Zion National Park

Travel Photography


Zion National Park is truly one of the most beautiful places I have ever had the pleasure of experiencing. We flew into Las Vegas airport and made the hour and a half drive up to the national park. After a colorful and winding shuttle ride through the canyon walls, we found ourselves at the base of the Angels Landing trail head. Carrying my camera, lenses, and a large tripod, I fell behind my companions (yes, I know I need to re-evaluate my gear kit for hiking trips because my current setup is way to heavy). After a repetitive series of sharp switchbacks, we found ourselves entering a section known as “Refrigerator Canyon” due to the sudden temperature drop inside the close canyon walls. The steep trail evened out for a short while before continuing with more switchbacks and sharp turns. After what felt like forever, I saw the top of the trail.

But that wasn’t all. The next part was considered it’s own trail. Heavy metal chains were anchored into the sides of this giant and steep rock face. As we scrambled up the following the chains, I couldn’t believe how incredibly crowded the trail was. We went on a 3 day weekend and everyone else had the same plans to visit on this weekend apparently. Many of the other hikers were very dangerous trying to squeeze past clogged sections of the path and a few even made me lose my balance as they clumsily reached for the chains when they started to fall.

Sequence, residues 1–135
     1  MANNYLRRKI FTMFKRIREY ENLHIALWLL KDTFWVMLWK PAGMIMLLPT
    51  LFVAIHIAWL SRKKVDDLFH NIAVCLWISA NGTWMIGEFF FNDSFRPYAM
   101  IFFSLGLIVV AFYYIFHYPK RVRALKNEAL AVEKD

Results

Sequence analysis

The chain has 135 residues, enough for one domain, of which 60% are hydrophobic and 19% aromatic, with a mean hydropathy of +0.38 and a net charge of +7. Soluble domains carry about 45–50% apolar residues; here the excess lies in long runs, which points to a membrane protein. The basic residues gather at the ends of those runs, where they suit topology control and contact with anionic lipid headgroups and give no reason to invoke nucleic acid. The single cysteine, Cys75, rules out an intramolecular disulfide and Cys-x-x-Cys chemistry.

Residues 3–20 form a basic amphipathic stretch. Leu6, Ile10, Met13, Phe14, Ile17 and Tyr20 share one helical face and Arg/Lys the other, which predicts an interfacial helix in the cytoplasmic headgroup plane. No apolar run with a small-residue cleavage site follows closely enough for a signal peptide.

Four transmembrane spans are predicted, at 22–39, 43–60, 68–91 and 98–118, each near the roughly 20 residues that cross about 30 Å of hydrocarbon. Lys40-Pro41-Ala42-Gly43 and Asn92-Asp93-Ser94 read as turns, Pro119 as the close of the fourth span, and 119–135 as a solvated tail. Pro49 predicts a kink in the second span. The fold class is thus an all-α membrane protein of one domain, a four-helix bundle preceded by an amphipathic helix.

At the top of the mountain, we were greeted with the most beautiful and colorful sunset pouring through the canyon walls to bid us a goodnight. After several moments of enjoying the beautiful place and taking a few HDR images, we started making our way back down before the wind picked up and the sun disappeared completely. After a much easier descent, we caught the last shuttle of the night and made our way to the car so we could find a place to set up for the night. We camped just outside of the park in a desert area off of Eagle Crags Loop. No fees or facilities – just drive in and pick a spot to pop up your tent.

The next morning we got up early and took a shuttle to the Narrows – a colorful gorge with high walls and a river flowing through it. The earlier you can get there, the better it is. Most of the trek, the water was below our knees, but at a few points we were submerged to our waists and I had to be extremely careful with my gear to make sure I didn’t slip/fall into the water.

A couple words of advice for the Narrows – the earlier you get there, the better. Huge crowds form starting in the late morning and it is impossible to get good images without lots of people in them. Plus navigating around others when you’re trying not to fall is extremely difficult. Another point, be careful about the shoes you choose to wear. I took a pair of Chacos and they were great at first, but eventually I had lots of sores on the tops of my feet from sand getting into the straps and rubbing across the tops of my feet when maneuvering over rocks. One of my trip mates wore a pair of Tevas that didn’t give him any issues, but I think it depends on the design.